I spent much of the day in pain today – waiting for the dentist and then waiting for my pain meds at the pharmacy. But while I was doing all this waiting, I had several podcasts on my iPod and I was listening to them. A topic that inadvertently came up during a discussion about Twitter was “mental health days.”
For those who may not be teachers (students, pre-service educators, parents, etc.), a “mental health day” is when a teacher takes a day off from teaching when they are not sick.
There are many schools of thought about mental health days. First, are there educators who abuse their sick days and take off on nearly every Friday? Sure there are a number of teachers who are counting the days until retirement and take off a large number of Fridays.
Second, are there some younger educators who have not yet figured out that they are no longer in college and find Monday mornings too hard to deal with? Sure that exists too.
But I also believe that there are a number of teachers who genuinely need a day off now and then to recover their mental health. I know that there are administrators who will disagree with me and say that the students are short changed every time we do take off a day. But that is a dodge for them. They need to hire better substitute teachers, provide them with more training and tools for discipline problems.
My state gives every teacher five days each year for personal or family illness or emergency. We also get another five days from my district. The unused days are also carried over each year. I’ve been a teacher for 14 years and have a large number of days built up.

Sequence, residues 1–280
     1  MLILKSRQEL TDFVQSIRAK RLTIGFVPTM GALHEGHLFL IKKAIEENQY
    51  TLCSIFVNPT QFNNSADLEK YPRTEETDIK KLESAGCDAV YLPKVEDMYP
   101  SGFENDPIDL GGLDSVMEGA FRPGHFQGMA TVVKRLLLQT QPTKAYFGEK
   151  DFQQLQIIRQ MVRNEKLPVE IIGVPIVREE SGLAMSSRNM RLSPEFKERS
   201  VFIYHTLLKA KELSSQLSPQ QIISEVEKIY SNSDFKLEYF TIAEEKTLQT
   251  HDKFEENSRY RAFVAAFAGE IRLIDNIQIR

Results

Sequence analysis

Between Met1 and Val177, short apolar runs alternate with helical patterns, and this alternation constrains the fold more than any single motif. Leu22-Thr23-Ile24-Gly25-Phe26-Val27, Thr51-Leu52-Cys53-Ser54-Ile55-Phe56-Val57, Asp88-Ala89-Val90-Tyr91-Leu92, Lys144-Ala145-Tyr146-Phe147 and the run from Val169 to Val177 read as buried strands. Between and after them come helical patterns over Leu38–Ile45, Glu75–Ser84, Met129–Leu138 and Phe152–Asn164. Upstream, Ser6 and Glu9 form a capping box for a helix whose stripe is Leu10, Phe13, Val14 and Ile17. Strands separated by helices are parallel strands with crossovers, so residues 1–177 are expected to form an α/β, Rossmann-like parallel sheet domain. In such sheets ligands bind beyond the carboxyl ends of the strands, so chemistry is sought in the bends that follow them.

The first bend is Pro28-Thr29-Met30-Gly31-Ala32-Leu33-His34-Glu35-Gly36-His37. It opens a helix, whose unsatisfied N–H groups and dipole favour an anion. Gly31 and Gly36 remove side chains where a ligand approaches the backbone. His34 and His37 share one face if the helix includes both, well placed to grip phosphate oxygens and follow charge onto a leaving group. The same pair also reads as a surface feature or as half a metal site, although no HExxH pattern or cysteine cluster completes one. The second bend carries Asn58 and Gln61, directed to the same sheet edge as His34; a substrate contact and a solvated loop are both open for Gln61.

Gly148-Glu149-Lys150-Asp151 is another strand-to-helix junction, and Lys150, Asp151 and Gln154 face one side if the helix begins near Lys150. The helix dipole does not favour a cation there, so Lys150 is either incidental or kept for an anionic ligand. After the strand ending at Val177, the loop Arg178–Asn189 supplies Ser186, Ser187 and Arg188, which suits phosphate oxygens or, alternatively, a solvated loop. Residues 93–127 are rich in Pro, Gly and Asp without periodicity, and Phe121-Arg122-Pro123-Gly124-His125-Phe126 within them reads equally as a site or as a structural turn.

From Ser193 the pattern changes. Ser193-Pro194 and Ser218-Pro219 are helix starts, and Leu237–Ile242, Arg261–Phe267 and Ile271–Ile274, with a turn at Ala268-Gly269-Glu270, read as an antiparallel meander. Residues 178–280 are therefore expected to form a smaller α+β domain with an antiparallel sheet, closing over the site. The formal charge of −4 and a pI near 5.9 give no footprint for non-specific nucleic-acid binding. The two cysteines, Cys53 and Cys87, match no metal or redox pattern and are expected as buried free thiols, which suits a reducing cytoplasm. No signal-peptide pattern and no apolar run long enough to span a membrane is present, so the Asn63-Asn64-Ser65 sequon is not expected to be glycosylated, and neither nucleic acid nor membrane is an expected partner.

I know my district will “buy back” a number of days when if I retire. But they will only by back district days. If I were to change districts, I can only keep state days. This is confusing and unfair. It encourages me to use district days now, but state days after I pass the half-way point in my career.
It also encourages older, experienced teachers nearing retirement to use it or lose it. Both the state and the districts should consider rewarding teachers for unused days. They should also allow for sick-day banks. Too many districts/states don’t allow employees to contribute days to colleagues who are sick or face long leaves due to pregnancy. Too many young, female teachers end up working for free or reduced pay because their maternity leaves exceed the number of days they have stored. (An average 3-month maternity leave would equal 60 days.) Few teachers under 30 have that many days stored up.
But back to mental health days – any yearbook teacher will tell you that they need a week off after the yearbook is done. Taking a mental health day is not out of the question.
Teachers who give it their all deserve to be able to use their personal days without being hassled by an administrator unless they are abusing those days. And teachers with 30 years of service should be given options to cash out days instead of being forced to miss class time or lose days they earned with many years of valuable service.
Should we shun those who abuse personal days? Yes, they reflect poorly on us all. But don’t feel bad if you just need to take a day to recover from the stresses we all feel from time to time. And don’t let anyone else make you feel bad either.